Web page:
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PRIMEVIEW

DENGUE INFECTION
For the Primer, visit doi:10.1038/nrdp.2016.55
The bite of an infected
mosquito leads to DENV DIAGNOSIS
Dengue is a mosquito-borne disease infection of several
PATHOPHYSIOLOGY INFECTION
caused by infection with dengue virus cell types, including
(DENV). Clinically, the disease can range macrophages, dendritic The 2009 WHO guidelines are used to clinically
from a mild febrile illness (previously cells and Langerhans cells classify dengue and identify patients at risk of
called dengue fever) through to dengue High viral loads and fever
progressing from mild to severe illness. Diagnosis
with warning signs and severe dengue, follow 4–7 days later
of presumptive dengue with or without warning
which includes what were previously
signs is made if the patient lives in or has recently
called dengue haemorrhagic fever (DHF)
travelled to a dengue-endemic area and has
and dengue shock syndrome (DSS).
symptoms such as fever, vomiting or aches and
pains. Warning signs
ACUTE PHASE of severe disease
EPIDEMIOLOGY Confirmation
include abdominal
of a dengue
pain, mucosal diagnosis is made
DENVs are transmitted by Aedes aegypti bleeding and clinical by laboratory
mosquitoes and are widespread throughout the fluid accumulation, testing. This can
tropics. The global expansion of DENVs began whereas hallmarks involve assaying
with the South-East Asian dengue pandemic in of severe disease
Plasma leakage and abnormal for DENV RNA or
the 1950s and was facilitated by the effects of include severe plasma the NS1 protein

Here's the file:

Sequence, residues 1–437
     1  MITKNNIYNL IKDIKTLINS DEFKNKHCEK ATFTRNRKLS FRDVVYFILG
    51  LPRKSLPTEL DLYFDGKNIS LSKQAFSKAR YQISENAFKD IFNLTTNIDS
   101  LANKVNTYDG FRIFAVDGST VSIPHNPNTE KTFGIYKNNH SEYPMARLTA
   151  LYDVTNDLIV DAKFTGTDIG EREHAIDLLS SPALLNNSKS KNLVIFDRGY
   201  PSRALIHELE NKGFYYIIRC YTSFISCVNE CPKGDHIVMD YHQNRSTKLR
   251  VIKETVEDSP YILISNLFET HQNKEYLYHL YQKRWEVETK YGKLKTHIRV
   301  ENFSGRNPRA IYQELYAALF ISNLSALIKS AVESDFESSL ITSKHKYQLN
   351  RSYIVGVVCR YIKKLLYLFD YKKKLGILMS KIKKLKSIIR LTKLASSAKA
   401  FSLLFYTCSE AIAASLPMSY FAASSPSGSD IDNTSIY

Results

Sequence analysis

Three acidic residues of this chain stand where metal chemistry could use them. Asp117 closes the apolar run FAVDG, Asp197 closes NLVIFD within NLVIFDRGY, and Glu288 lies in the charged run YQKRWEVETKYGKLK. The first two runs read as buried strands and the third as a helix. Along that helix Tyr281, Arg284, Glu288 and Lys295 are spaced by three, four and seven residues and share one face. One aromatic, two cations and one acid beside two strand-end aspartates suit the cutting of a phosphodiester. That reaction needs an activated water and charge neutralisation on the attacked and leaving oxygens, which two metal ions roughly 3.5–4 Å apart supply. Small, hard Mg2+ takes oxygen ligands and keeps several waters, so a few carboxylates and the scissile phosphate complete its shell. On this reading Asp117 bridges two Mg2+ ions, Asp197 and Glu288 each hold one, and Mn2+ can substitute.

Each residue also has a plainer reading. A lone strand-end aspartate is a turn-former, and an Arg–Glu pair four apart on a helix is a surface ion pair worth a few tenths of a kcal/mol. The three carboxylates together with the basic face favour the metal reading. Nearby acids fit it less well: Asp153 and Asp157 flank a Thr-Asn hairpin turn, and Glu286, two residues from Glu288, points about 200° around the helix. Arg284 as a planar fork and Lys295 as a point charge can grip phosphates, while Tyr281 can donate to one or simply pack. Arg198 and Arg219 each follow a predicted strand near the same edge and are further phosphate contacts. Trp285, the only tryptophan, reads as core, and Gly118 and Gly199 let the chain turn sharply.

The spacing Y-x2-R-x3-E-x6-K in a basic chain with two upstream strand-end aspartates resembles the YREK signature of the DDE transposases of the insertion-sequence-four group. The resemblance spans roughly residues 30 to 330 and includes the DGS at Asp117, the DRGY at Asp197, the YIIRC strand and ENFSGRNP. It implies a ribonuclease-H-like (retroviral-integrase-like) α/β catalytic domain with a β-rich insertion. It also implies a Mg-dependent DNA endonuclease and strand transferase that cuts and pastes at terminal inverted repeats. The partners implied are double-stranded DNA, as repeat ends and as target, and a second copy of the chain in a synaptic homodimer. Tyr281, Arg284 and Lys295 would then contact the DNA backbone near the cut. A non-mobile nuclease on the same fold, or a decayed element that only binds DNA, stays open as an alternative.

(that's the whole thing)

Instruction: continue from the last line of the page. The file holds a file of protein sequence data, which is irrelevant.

haemostasis underlie DHF and Second DENV
globalization, such as increased air travel. Over leakage leading to in blood, serum or
DSS. Although their causes are infections are often
half of the world’s population are at risk of DENV more severe than the first DSS, severe bleeding plasma, as well as
not well understood, antibody- CRITICAL PHASE
infection. Each year, an estimated 360 million because non-neutralizing and severe end- for anti-DENV IgM.
dependent enhancement and
DENV infections occur, resulting in 2 million cases anti-DENV antibodies can organ involvement.
the DENV protein NS1 are
of severe disease and 21,000 deaths. enhance infection
probably important contributors.

MANAGEMENT
PREVENTION
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As there is no antiviral therapy for dengue,
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Prevention focuses on mosquito control using me Shock management involves supportive care. The
strategies such as larval source reduction, majority of patients with dengue have mild
CONVALESCENCE
insecticide spraying and community febrile illness and treatment is commonly bed
outreach and education. Although some rest, oral fluids and analgesics. Treatment of
countries, such Singapore and Cuba, achieved dengue with warning signs and severe dengue
temporary dengue control using Recovery involves cessation involves the replacement of fluids lost owing
these approaches, their of plasma leakage and to capillary leakage with
inconsistent application OUTLOOK reabsorption of lost fluids intravenous fluid therapy.
and the introduction Haemorrhages most commonly
of DENVs from To succeed in preventing dengue, development of new control tools, and live attenuated vaccines. occur in the gastrointestinal
neighbouring mosquito control efforts will need the study of insecticide resistance Recently, a live recombinant system, where they can
countries to be sustained in the long term and improved surveillance. Several tetravalent vaccine received manifest as haematemesis
eventually led to and conducted at the regional level dengue vaccines are currently approval from the WHO and is now (vomiting of blood)
the re-emergence to prevent the spread of DENVs being tested in clinical trials, registered in several countries, and/or melaena (black,
of epidemic from adjacent endemic areas. including recombinant subunit providing a promising new tar-like faeces), and are treated
DENV transmission. This effort will be aided by the vaccines, an inactivated vaccine pathway towards dengue control. using blood transfusions.

Designed by Laura Marshall Article number: 16056; doi:10.1038/nrdp.2016.56; published online 18 Aug 2016
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